That tea cake taught me a lot about myself, the games we play with ourselves is quite interesting. The big lesson learned here was to not let "tea-elitism" get in the way of me and my tea.

    As for you becoming a "hardcore tea-head" I think you seem to have a pretty good handle on all of this already.

  12. Excellent story, Bret! Gives me hope for a few of my own purchases! ;)

  13. Dear All,

    I think you have missed the point that MarshalN was trying to make.

    All teas, particularly the most famous teas, have historical antecedents that preclude taxonomic classification.

    That is to say, this tea was processed as a LongJing outside of the historical areas of production.

    It is tempting to claim that area of production does not influence a teas classification,
    but to do so would be to ignore the effects of terroir. There is an obvious difference between LinCang Sheng and MengHai Sheng, just as there is a difference in the flavor profile between the historical growing regions of LongJing.

    The point I believe MarshalN was trying to make,
    is that the flavor profile of the Da Fo Long Jing under discussion is not the traditional flavor profile of LongJing, and as such it must constitute its own classification within the LuCha Class.

    Generally, we term LongJing's from outside the traditional production areas as "LongJing Style". This is due to the historical perspective that remains prevalent in the classification of teas.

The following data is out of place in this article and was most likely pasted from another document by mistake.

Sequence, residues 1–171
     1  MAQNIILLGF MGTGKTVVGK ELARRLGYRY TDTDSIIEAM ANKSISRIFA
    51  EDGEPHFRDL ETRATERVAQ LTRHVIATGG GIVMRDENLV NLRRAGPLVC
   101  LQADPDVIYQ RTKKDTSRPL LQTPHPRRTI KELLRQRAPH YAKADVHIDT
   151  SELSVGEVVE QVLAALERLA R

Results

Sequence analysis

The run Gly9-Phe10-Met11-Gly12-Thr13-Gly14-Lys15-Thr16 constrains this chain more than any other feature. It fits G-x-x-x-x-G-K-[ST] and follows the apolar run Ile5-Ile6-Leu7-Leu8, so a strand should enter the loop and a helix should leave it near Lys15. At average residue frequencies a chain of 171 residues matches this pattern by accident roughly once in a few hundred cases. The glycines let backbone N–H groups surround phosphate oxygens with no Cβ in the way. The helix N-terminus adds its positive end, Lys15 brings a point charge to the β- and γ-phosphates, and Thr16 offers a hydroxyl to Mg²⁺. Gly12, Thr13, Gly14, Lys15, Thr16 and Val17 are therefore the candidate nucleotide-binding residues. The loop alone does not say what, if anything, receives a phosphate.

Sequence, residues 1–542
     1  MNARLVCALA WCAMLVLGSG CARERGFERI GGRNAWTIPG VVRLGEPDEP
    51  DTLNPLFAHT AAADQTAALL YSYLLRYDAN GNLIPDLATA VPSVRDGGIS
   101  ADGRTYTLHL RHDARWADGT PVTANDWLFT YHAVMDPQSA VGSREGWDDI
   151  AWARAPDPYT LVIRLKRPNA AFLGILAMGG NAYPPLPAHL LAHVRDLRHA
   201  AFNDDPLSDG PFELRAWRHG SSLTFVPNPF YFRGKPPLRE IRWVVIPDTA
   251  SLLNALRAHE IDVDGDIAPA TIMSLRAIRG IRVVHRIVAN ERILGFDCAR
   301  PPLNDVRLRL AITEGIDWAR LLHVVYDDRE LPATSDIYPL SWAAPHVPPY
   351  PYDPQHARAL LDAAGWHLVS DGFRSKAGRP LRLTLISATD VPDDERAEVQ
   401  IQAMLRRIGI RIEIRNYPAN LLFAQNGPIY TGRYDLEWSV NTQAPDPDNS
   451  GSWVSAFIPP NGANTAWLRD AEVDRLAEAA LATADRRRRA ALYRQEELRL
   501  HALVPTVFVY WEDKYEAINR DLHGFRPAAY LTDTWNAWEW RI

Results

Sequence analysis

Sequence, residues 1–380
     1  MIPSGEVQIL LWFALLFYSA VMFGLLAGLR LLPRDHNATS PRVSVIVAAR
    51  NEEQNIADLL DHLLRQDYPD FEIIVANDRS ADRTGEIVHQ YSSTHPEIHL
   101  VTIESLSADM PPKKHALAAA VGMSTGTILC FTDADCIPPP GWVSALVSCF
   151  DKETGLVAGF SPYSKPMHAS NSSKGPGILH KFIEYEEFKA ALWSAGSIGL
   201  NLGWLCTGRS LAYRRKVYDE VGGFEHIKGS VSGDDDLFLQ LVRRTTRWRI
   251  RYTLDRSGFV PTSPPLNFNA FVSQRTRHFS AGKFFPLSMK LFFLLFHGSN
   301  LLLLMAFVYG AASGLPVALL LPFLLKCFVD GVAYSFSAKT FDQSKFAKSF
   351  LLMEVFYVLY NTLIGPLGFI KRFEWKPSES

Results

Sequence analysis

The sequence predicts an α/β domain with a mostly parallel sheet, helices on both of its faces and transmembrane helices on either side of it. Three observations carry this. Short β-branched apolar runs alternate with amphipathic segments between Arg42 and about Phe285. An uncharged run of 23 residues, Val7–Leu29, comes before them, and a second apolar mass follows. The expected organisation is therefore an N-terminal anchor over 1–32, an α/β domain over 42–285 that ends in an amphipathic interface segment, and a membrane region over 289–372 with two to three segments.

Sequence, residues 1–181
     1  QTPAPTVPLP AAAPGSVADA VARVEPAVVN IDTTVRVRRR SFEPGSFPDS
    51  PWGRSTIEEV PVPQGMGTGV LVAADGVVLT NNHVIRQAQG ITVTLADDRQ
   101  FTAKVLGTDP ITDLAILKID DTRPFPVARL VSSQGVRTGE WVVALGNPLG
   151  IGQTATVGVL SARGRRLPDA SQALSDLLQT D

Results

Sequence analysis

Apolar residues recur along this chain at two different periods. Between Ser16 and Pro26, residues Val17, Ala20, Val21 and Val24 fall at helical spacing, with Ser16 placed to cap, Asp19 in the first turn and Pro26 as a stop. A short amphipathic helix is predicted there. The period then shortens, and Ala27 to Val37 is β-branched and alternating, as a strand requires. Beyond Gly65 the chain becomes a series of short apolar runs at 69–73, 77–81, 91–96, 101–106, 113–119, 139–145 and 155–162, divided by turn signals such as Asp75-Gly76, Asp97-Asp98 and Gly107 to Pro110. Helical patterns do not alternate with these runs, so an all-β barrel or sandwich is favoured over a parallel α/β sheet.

All of this is not to say that the LongJing we are talking about is not good!

    au contraire, the above only relates to clarifying the discussion of tea; I firmly support Bret's position of choosing to drink tea that tastes good to you.

    One must hold deferent perspectives on the "knowledge" of tea and the "enjoyment" of tea.

    Without the background knowledge, it is near impossible to learn the subtleties of brewing, tasting, and understanding each tea as unique.

    It is imperative on the individual, as Bret pointed out, that learning the background knowledge of a type of tea or area does not impede on ones ability to enjoy any tea for its inherent qualities.

    Just wanted to clarify...

    All the Best,
    Jason M. Cohen
    - Director of The Tea Institute at Penn State

  14. Jason – What an honor to have you stop by. Thank you for this excellent clarification. Well said, indeed! I don’t think it was a matter of MarshalN’s point being missed (from my perspective), but that the wording of his first comment made for some confusion. But any further education on the matter is most welcome! An honor to have you share your depth of knowledge on the matter. Thank you so much :)

  15. Jason, still, your definition of Long Jing is not consistent with the national standards and Zhejiang province standards of Long Jing made by Chinese tea scientists. You can surely disagree with them. I agree with them on this, and we don't call Da Fo Long Jing a Longjing-style tea.

    A Longjing-style tea can be from Sichuan or Yunnan. But Xinchang (home of Da Fo Long Jing) has been officially awarded geographic patent (along with Hangzhou and Qiantang region) for Long Jing. It's not my personal opinion. It's official. Not only I advocate this categorization, but also, if there are debates and if I have to choose standards to follow, I would rather follow the official standards.

  16. Gingko -- Certainly hard to argue with official patents and such. :) This discussion is clearly WAY beyond my very novice understanding, but I truly appreciate listening in and have great respect for knowledgeable discourse. Thank you for your comments and sharing :)

  17. i like that music , is you walk the footsteps